Two nights ago, I watched an engrossing PBS film concerning a tragic series of events high on Mt. Everest a decade ago, the same story which Jon Krakauer famously profiled in his book “Into Thin Air,” as well as a successful IMAX movie and countless other accounts.
David Breashears’ film (he also helmed the IMAX production) is a gripping tale of how a number of men and women lost their lives due to a number of reasons. The agony in watching guide Rob Hall speak to his wife for the last time, trapped 28,000 feet up on the mountain, knowing that it is the last time he’ll speak to her – well, it’s moving stuff.
Perhaps the best-known story of those days on Everest in the Spring of 1996 is that of Beck Weathers, a climber who was left for dead not once, but twice, but who managed to persevere and make it back down the mountain.
At one point in the documentary, Weathers explains how he made it through the night out in the open on one of the most inhospitable places on earth, with howling winds pounding his body, snow falling all around, and no tent to provide shelter.
The pain must have been excruciating, but eventually, Weathers tells us, it went away. In his inimitable Texas drawl, the pathologist describes how all the parts of his body which could feel pain – his hands, his feet, his nose – became dead tissue, incapable of sending messages to his brain that they were in agony.
At that point, Weathers somehow managed to stand up and stagger back to the tents, and, eventually, to rescue.
If you’re wondering what this has to do with a Sonics’ blog, and, by this point, surely you must, here it is. After two years of enduring Clay Bennett’s empty promises and David Stern’s condescension, two long, frustrating, agonizing years, the pain is gone.
There have been more than a few gallons of ink spilled (or is it bytes wasted?) decrying the rather sloppy tactics of Oklahoma City in trying to procure the Sonics, and, honestly, four months ago, it would have bothered me as well, and it would have been easy to dash off a diatribe about how awful the city was for its shenanigans.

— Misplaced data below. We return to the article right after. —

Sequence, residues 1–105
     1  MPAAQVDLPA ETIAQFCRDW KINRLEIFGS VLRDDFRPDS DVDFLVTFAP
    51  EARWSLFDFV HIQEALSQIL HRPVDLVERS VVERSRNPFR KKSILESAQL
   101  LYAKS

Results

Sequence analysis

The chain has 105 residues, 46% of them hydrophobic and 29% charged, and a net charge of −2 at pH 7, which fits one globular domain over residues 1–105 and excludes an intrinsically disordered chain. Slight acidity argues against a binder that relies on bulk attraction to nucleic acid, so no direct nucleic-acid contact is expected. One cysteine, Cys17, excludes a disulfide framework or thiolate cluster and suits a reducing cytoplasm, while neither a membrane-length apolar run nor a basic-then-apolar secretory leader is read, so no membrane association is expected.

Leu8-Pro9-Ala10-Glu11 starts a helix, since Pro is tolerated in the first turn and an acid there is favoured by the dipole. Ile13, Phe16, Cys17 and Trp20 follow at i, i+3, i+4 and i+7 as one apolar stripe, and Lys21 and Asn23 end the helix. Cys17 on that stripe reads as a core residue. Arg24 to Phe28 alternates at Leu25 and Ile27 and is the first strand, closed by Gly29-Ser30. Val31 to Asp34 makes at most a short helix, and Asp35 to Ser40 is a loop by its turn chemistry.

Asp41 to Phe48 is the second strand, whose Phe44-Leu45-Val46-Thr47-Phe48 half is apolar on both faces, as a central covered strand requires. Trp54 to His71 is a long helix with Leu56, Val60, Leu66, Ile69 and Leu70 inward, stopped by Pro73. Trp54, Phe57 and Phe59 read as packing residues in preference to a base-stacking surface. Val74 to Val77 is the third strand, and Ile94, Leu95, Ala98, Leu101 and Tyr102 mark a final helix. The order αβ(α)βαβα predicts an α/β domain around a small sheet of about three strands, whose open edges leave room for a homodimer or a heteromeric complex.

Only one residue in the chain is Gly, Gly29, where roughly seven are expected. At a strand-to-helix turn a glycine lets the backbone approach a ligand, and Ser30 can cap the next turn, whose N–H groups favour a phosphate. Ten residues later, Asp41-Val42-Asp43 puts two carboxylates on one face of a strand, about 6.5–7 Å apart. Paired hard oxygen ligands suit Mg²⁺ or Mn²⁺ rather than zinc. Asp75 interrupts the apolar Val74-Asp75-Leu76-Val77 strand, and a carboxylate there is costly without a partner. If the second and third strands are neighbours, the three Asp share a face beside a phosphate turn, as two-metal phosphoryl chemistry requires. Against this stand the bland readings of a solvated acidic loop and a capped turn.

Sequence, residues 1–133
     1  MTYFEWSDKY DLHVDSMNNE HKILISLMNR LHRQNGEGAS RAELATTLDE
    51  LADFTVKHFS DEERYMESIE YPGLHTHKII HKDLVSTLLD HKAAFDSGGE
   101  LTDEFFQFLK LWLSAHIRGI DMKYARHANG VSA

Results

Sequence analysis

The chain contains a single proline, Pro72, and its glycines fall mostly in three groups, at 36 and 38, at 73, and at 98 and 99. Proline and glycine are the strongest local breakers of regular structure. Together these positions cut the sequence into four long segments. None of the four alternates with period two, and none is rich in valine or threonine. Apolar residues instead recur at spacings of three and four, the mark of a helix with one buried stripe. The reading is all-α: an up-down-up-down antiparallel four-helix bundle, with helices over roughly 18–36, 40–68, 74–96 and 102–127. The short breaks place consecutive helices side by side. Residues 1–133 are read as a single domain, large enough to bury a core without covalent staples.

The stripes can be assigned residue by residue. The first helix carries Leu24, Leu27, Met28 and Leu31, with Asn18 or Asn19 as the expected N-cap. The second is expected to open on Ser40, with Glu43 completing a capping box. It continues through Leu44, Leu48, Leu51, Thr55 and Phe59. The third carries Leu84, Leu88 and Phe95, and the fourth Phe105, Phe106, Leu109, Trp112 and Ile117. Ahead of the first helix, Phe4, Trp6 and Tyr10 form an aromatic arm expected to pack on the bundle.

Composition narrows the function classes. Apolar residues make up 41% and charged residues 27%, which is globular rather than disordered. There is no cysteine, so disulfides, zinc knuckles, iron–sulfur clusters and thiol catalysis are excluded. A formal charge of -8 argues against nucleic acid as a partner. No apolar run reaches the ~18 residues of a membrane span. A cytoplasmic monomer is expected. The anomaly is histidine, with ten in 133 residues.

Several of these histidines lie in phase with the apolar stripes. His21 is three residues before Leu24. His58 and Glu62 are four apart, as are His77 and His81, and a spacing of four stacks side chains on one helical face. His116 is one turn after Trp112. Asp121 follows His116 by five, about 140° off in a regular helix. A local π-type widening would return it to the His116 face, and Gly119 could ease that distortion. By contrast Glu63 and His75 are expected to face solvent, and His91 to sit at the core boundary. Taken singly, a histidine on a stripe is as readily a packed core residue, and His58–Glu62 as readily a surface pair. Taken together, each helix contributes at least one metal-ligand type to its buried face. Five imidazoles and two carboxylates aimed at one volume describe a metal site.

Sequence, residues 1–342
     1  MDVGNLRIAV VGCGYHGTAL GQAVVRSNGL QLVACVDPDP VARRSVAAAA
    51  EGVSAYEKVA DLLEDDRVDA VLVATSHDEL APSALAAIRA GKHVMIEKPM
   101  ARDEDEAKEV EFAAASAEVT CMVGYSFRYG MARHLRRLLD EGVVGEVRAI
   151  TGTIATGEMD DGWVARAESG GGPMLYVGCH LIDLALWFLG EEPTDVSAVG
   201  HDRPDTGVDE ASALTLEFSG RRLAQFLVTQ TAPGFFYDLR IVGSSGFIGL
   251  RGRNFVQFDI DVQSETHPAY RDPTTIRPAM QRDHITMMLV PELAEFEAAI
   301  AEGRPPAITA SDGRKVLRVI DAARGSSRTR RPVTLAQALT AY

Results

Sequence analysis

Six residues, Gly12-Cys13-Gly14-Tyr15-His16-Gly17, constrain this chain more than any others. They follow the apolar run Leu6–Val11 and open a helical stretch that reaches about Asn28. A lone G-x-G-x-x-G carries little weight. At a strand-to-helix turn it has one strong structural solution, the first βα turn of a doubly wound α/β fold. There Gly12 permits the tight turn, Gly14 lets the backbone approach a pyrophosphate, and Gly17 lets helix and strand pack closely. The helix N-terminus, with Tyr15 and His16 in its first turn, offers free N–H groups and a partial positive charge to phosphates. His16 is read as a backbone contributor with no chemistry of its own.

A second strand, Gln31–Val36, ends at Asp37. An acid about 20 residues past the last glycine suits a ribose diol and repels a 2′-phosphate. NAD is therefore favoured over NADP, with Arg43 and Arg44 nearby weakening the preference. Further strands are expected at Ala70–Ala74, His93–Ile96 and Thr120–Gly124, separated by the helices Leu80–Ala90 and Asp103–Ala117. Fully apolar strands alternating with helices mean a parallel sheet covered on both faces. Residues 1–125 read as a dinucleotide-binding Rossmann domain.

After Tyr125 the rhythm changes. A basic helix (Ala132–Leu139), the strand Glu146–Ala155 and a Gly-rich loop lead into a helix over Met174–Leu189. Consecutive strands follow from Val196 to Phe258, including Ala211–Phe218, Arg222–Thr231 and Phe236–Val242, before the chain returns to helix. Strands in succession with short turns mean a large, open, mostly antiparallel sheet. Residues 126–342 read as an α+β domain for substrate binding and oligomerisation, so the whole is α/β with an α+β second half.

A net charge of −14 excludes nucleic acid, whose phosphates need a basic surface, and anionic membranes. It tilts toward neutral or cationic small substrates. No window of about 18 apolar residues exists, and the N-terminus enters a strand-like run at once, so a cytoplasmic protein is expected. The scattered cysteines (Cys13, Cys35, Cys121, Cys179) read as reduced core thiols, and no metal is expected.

But I can’t conjure up the pain any more, I just can’t. Smarter men than me will write books about this saga, with wise insights into how events unfolded, but, at this point, I can’t do it.
Writers such as Barry Trammel of the Daily Oklahoman can continue to issue their opinions about why Oklahoma City deserves the Sonics and Seattle doesn’t, and it doesn’t register with me. The same paper can put Kevin Durant in a “Barons” jersey and it doesn’t phase me.
Obviously, I’m more than a casual fan of the Sonics, but I have finally reached a level of fatigue in this situation – and what I’m going through can’t even begin to compare with the frustration and fatigue of such people as Brian Robinson or Steve Pyeatt.
In an odd way, though, the numbing feeling is liberating, in the same way that Weathers’ numbness to the pain liberated him. Instead of wasting energy caring what Oklahoma City, Clay Bennett, or David Stern are saying, I can just care about the Sonics, which is a delightful turn of events.
This June, or possibly early July, Federal District Court Judge Marsha Pechman will hand down her verdict in the case of City of Seattle v. Professional Basketball Club LLC, and, in so doing, will bring an end to a crucial chapter in this unending story. Like the rest of the Sonics Nation, I’m hoping for the best: that Pechman will rule for the city, and precipitate negotiations eventually resulting in the team being turned over to Steve Ballmer’s group.
If not? Well, let’s just say I’m already feeling no pain.